• Are they truly a fan of my brand? 
  • Do they share the same values as my brand? 
  • Do they have a following in a community that is relevant to my brand?

Lingble sees a lot of eCommerce brands trying to outsource this work, and that’s a big challenge. Remember, you’ll never be able to gauge a fanfluencer’s level of interest through a third-party. Always source micro influencers yourself to find the perfect match. 

Influencer marketing best practices for eCommerce

But knowing how to source fanfluencers is half the battle. Follow these 3 tips to make the most of your influencer relationships.

1 – Talk to influencers like they’re real people (but get to the point)

So, you’ve found an influencer who could be a fit for your brand. Now what? 

Start the relationship by sending them a message. Some influencers will provide their email address for brand inquiries, but you’ll likely have to DM them on social media. 

Remember, this is the beginning of a relationship. You can’t start the message with, “Work for me and I’ll give you free stuff!” Be friendly, concise, and professional. 

If you’re feeling stuck, use this structure to write an effective influencer outreach message:

  • Greet them and introduce yourself. 
  • Compliment their work (or at least make it obvious you’ve noticed their social presence).
  • Ask if they’re interested in partnering up. 
  • Let the influencer know what’s in it for them. 

In practice, this should read like:

“Hi, Mark! I’m Mary, the marketing director at ABC Beauty. I saw your posts on eyelash application tips and loved them! From time to time, we provide significant discounts and gifts to our outspoken fans. We do it for those who we know will enjoy the products and share that experience with others. Based on your posts, we think you would really enjoy our products and would love to hear back from you.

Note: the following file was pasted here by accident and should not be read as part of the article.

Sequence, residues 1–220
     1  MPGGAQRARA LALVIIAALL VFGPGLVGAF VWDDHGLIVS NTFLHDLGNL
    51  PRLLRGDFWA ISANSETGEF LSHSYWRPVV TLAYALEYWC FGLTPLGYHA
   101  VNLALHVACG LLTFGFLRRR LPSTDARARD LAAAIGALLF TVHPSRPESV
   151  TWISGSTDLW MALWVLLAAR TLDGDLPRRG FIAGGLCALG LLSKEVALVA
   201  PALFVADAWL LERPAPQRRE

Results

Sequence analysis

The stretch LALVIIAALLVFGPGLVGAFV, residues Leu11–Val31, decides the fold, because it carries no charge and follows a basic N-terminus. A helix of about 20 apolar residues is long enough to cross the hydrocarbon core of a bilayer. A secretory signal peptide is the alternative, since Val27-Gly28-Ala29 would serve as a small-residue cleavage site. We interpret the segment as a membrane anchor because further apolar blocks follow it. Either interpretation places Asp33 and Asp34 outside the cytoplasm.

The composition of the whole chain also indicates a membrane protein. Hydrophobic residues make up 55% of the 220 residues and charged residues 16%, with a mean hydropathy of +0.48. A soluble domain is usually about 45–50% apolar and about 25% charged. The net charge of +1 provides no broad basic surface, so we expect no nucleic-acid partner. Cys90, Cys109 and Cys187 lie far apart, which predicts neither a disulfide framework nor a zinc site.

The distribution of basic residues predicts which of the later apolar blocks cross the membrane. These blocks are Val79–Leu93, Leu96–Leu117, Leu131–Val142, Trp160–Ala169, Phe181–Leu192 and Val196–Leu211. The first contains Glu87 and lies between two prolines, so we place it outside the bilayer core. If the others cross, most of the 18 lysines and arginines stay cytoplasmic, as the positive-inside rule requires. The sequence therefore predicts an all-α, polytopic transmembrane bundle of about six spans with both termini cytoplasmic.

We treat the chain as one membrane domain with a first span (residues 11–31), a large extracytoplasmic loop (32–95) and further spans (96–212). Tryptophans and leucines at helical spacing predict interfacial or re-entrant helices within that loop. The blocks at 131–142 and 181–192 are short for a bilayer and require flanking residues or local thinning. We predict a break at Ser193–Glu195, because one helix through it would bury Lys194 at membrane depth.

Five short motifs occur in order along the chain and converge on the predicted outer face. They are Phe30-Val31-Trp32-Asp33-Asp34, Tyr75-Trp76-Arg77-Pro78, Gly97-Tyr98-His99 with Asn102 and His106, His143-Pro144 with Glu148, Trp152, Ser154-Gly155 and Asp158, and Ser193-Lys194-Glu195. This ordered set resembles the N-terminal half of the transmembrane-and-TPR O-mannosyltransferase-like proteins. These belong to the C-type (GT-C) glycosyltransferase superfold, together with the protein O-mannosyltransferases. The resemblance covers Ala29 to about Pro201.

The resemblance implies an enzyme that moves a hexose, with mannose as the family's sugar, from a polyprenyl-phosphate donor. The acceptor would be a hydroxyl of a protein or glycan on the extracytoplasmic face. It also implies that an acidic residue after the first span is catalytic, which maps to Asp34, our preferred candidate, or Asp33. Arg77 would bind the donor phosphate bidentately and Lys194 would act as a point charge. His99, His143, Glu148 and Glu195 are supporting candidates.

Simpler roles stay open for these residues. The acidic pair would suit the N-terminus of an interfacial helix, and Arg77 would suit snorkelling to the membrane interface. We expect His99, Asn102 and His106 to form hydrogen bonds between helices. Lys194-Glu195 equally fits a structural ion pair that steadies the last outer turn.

Don’t feel discouraged if you don’t hear back from everyone. Influencers are busy people, and not everyone will want to work with your brand. If you aren’t getting a lot of responses, try engaging with influencers on social media first. Like, comment, and share their posts so they recognize your name.

2 – Don’t pay for influencer marketing (find your fanfluencers instead)

We’ll probably get a lot of heat for this one, but just hear us out. 

This is a controversial topic in the marketing world, but Lingble firmly believes that you should compensate fanfluencers only with products or gifts. Yes, their following is valuable, but it’s often not enough to justify cash payments. 

Of course, you can’t ask your fans to work for nothing. You do need to give your fanfluencers a reason to promote your brand. So, instead of offering payment, send fanfluencers products and gifts in exchange for their time. 

We’re not advocating that people should work for free. This is only applicable to fanfluencers who are already your fans. If you work with an established micro influencer with a proven track record, it’s okay to pay them. But make sure that payment is tied to a specific metric that means something (Instagram likes won’t work here). Use coupon codes and UTM tracking to compensate micro influencers fairly. 

3 – Avoid contract relationships

Don’t create a relationship where an influencer promises a certain number of posts in exchange for products. A restrictive contract just doesn’t give the relationship room to flourish over time. Plus, if an influencer genuinely loves your product, you can expect them to post over an established quota, anyway. 

If a micro influencer pushes for a contract, move on. Continue searching until you find someone who is enthusiastic about celebrating your brand with their followers. 

Influencer marketing is the future

COVID-19 may have changed the world, but for brands, there’s never been a better time to invest in influencer marketing. Transform your most vocal and dedicated customers into fanfluencers. Avoid red flags, understand fair payment terms, and source someone who’s willing to grow with your brand. No matter where your eCommerce brand is today, influencers will launch you into the future.